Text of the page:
Figure 2
Figure 2

Canadian acid highway and regional amplification drivers.

Ocean acidification in coastal regions exhibits much higher temporal and spatial variability than in open oceans. Seasonally variable freshwater inputs from rivers and glacial meltwater also reflect the local geology,13 therefore, freshwater inputs affect each coastal region differently. Nutrient input from the land enhances coastal productivity, resulting in increased microbial respiration leading to oxygen depletion and further CO2 production. As a result, ocean acidification is accelerated.14 In urban coastal areas, emissions of other acidifying gases, such as nitrogen oxides (NOx) and sulfur oxides (SOx), can also contribute to enhanced coastal acidification.15

Canada is one of the first countries in the world to experience the adverse impacts of OA. Ocean acidification is likely to alter the structure and function of its marine ecosystems. Hence, fishing industries, subsistence fisheries by Indigenous communities, and tourism will be directly influenced. The results of these changes will threaten economies, especially those directly connected with fisheries, culture, and subsistence of Indigenous peoples and eco-tourism.

Beyond Canadian waters, global food security risks caused by OA and climate change, especially for developing nations, need to be emphasized. Reducing nutrient input to the coastal area, developing new aquaculture practices such as close monitoring of intake water to the hatcheries, and cutting down the emissions of acidic gases such as NOx and SOx can help to slow down the progress of local OA and thus manage risks. However, global ocean acidification will inevitably progress further unless the global emission of CO2 resulting in the accumulation of CO2 in the atmosphere is controlled and reduced.

1

C.L. Sabine et al., “The Oceanic Sink for Anthropogenic CO2,” Science 305, no. 5682 (2004): 367–371, doi.org/10.1126/science.1097403.

2

K. Caldeira and M.E. Wickett, “Ocean Model Predictions of Chemistry Changes from Carbon Dioxide Emissions to the Atmosphere and Ocean,” Journal of Geophysical Research Oceans 110, no. C9 (2005): C09S04, doi.org/10.1029/2004JC002671.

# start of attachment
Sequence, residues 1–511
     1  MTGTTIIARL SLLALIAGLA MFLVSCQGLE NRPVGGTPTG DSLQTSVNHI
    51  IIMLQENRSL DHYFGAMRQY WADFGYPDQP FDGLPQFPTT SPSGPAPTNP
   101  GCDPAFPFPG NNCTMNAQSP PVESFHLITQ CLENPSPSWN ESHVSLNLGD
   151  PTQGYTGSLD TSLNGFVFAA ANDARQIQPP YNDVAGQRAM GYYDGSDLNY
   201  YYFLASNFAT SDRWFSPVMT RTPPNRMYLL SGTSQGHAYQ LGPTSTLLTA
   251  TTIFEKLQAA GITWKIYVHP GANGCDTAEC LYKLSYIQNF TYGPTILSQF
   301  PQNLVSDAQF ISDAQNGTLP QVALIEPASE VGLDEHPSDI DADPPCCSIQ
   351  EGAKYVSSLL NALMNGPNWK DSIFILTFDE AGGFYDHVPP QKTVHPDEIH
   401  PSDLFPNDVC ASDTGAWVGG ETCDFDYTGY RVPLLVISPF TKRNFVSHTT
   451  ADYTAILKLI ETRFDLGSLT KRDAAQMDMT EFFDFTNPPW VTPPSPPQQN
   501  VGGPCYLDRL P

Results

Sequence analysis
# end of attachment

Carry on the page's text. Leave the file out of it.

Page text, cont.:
3

B. Hönisch et al., “The Geological Record of Ocean Acidification,” Science 335, no. 6072 (2012): 1058–1063, doi.org/10.1126/science.1208277.

4

K.J. Kroeker et al., “Impacts of Ocean Acidification on Marine Organisms: Quantifying Sensitivities and Interactions with Warming,” Global Change Biology 19, no. 6 (2013): 1884–1896.

5

S. Dupont, E. Hall, P. Calosi and B. Lundve, “First Evidence of Altered Sensory Quality in a Shellfish Exposed to Decreased pH Relevant to Ocean Acidification,” Journal of Shellfish Research 33, no. 3 (2014): 857–861.

6

U. Riebesell, R.G.J. Bellerby, H-P. Grossart and F. Thingstad, “Mesocosm CO2 Perturbation Studies: From Organism to Community Level,” Biogeosciences 5 (2008): 1157–1164, doi.org/10.5194/bg-5-1157-2008.

7

J.M. Hall-Spencer et al., “Volcanic Carbon Dioxide Vents Show Ecosystem Effects of Ocean Acidification,” Nature 454 (2008): 96–99.

8

R.A. Feely et al., “Evidence for Upwelling of Corrosive ‘Acidified’ Water onto the Continental Shelf,” Science 320, no. 5882 (2008): 1490–1492, doi.org/10.1126/science.1155676.

9

M. Chierici and A. Fransson, “Calcium Carbonate Saturation in the Surface Water of the Arctic Ocean: Undersaturation in Freshwater Influenced Shelves,” Biogeosciences 6 (2009): 2421–2432; M. Yamamoto-Kawai et al., “Aragonite Undersaturation in the Arctic Ocean: Effects of Ocean Acidification and Sea Ice Melt,” Science 326, no. 5956 (2009): 1098–1100, doi.org/10.1126/science.1174190; L. Robbins et al., “Aragonite Undersaturation in Greater than 20% of Canadian Basin, Western Arctic,” PLOS One 8, no. 9 (2013): e73796, doi.org/10.1371/journal.pone.0073796.

10

Arctic Monitoring and Assessment Programme (AMAP) (2013), AMAP Assessment 2013: Arctic Ocean Acidification (Oslo: AMAP, 2013).

11

K. Azetsu-Scott et al., “Calcium Carbonate Saturation States in the Waters of the Canadian Arctic Archipelago and the Labrador Sea,” Journal of Geophysical Research 115, no. C11 (2010): C11021, doi.org/10.1029/2009JC005917.

12

A. Mucci, M. Starr, D. Gilbert and B. Sundby, “Acidification of Lower St. Lawrence Estuary Bottom Waters,” Atmosphere-Ocean 49, no. 3 (2011): 206–218, doi.org/10.1080/07055900.2011.599265.

13

K. Azetsu-Scott, M. Starr, Z-P. Mei and M. Granskog, “Low Calcium Carbonate Saturation State in an Arctic Inland Sea Having Large and Varying Fluvial Inputs: The Hudson Bay System,” Journal of Geophysical Research Oceans 119, no. 9 (2014): 6210–6220, doi.org/10.1002/2014JC009948.

14

D. Ianson et al., “Vulnerability of a Semi-enclosed Estuarine Sea to Ocean Acidification in Contrast with Hypoxia,” Geophysical Research Letters 43, no. 11 (2016): 5793–5801, doi.org/10.1002/2016GL068996.

15

K.A. Hunter et al., “Impacts of Anthropogenic SOx, NOx and NH3 on Acidification of Coastal Waters and Shipping Lanes,” Geophysical Research Letters 38, no. 13 (2011): L13602, doi.org/10.1029/2011GL047720.